For another thing, meeting planners are busy people with enormous jobs. They are always looking for solutions to solve their complicated problems and technology is often the answer. There are, of course, events in certain industries that lag behind. Typically events with older demographics (in healthcare for example) are resistant to new technology because they’re worried their attendees may not be able to use it properly.
It’s always exciting when we work with clients like these though because they are always surprised at how much their attendees actually enjoy and benefit from technology once it’s implemented.

What are the major challenges you face when trying to bring technology to this industry?

Organizations with older attendee bases often worry that the technology will be too complicated for their users. There’s also a lot of competition. We’ve been in the industry for over 15 years and we’ve seen hundreds of companies come and go in that timespan. It’s hard sometimes for meeting planners to weed through all the noise.

How is technology helping the various players of a trade show?

Year after year, new tools are developed that help organizers manage all the data, information, and content that they have to wade through in the meeting planning process.
Technology gives exhibitors great visibility and it’s really helping connect them with buyers who are genuinely interested in and qualified to buy their products.
This is also a big benefit for buyers because they don’t have to waste time talking with exhibitors that don’t deliver the types of solutions they actually need.

What’s the next “big” thing in EventTech?

What’s the next big thing?
We hear talk of augmented reality, beacons, and all kinds of next-gen tools like these. I think the biggest thing in event tech though will be a way to integrate the planning experience with onsite activities.
We’ve already come a long way with speaker ready room and digital signage being completely integrated with back-end content management tools, event apps, and conference websites.
But meeting planners still need to carry around that big binder of tear sheets, schedules, contact information, and more. I think that’s going the way of the dinosaur very soon and that this is going to be the type of thing organizers really embrace.

myfairtool is offering a technology specifically for exhibitors to manage their event efficiently and optimize their ROI. Do you recommend it?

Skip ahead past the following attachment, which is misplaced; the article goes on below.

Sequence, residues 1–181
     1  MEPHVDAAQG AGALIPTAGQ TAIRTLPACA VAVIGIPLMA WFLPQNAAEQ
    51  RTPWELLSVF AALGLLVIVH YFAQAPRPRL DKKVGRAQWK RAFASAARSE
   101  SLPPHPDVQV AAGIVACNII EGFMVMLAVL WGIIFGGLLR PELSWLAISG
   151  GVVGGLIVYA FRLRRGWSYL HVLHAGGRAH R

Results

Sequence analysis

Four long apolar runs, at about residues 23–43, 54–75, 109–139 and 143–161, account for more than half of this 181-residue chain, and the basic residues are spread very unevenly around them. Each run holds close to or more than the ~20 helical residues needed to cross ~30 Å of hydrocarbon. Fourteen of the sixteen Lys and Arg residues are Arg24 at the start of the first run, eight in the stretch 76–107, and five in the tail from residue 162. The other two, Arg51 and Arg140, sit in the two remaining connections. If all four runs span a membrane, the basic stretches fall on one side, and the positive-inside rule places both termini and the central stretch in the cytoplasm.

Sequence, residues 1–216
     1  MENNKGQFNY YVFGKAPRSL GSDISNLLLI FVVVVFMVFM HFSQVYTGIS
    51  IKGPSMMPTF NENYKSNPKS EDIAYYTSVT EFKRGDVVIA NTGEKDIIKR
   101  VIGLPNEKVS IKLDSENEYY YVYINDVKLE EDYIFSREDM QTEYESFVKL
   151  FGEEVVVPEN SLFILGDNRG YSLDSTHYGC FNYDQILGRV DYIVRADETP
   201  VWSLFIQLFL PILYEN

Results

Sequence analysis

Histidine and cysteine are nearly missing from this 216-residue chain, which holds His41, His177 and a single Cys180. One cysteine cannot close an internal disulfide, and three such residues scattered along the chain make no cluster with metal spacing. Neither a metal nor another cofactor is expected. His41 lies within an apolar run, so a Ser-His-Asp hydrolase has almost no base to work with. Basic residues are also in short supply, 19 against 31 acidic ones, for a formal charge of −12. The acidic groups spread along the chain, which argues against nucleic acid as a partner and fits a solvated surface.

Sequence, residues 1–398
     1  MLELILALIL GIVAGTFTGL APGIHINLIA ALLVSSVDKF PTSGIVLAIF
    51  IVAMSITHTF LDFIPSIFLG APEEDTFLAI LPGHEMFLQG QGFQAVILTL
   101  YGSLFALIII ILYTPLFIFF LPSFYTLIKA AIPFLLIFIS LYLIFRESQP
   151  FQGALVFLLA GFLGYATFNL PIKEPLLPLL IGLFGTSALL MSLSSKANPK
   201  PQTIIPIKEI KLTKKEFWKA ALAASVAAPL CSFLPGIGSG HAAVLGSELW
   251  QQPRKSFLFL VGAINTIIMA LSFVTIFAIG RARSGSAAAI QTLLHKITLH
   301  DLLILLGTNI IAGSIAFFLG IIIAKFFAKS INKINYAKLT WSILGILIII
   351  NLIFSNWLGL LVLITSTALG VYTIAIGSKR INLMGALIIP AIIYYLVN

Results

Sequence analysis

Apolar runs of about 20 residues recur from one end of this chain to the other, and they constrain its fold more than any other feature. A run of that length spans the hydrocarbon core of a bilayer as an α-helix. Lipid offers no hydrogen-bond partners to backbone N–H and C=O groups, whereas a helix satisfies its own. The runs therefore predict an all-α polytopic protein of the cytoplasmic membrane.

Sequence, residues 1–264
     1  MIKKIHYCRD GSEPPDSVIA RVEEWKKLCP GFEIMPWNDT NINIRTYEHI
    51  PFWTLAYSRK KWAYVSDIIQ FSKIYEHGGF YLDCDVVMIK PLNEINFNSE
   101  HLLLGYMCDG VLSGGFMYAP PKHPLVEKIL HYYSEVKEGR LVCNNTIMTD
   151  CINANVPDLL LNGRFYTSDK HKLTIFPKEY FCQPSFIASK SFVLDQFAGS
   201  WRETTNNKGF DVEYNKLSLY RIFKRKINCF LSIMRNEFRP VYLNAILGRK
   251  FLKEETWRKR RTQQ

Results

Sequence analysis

Absolutely.
We develop products that planners can use to manage exhibitors. We also exhibit at a lot of shows and have a hard time managing our company’s logistics, activities, and ROI.
It’s a very manual process right now, so it sounds like myfairtool is a great way to solve some of the problems we personally face.

The Exhibitor publishes a free novel called “Trade Show Chronicles” that puts you in the shoes of an exhibitor managing his very first trade show booth. Is it close to your own experience?

We’re a little more organized than the character in the book, and we as a team are more collaborative, but yes, there are parts of the story I can relate to.

The Exhibitor’s prime focus is ROI – what do you advise companies to do to insure proper return on investment?

Follow up!
This is one of the biggest reasons a company’s trade show presence will fail. And don’t just follow up once. Send a mass email, have sales people reach out on a one-to-one basis, connect on social media, and go out to lunch. It takes multiple outreaches and a good amount of time before a potential customer will convert to a client, but that time is well worth the investment.


Michael DoaneMichael Doane writes regularly about technology in the meetings industry, plans an annual users group conference for event organizers, and was awarded PCMA's “20 in their Twenties” in 2016. As marketing manager at CadmiumCD, Michael is passionate about implementing technology at conferences to improve continued education activities for attendees.
Meet the Experts – eventTech with Mike Doane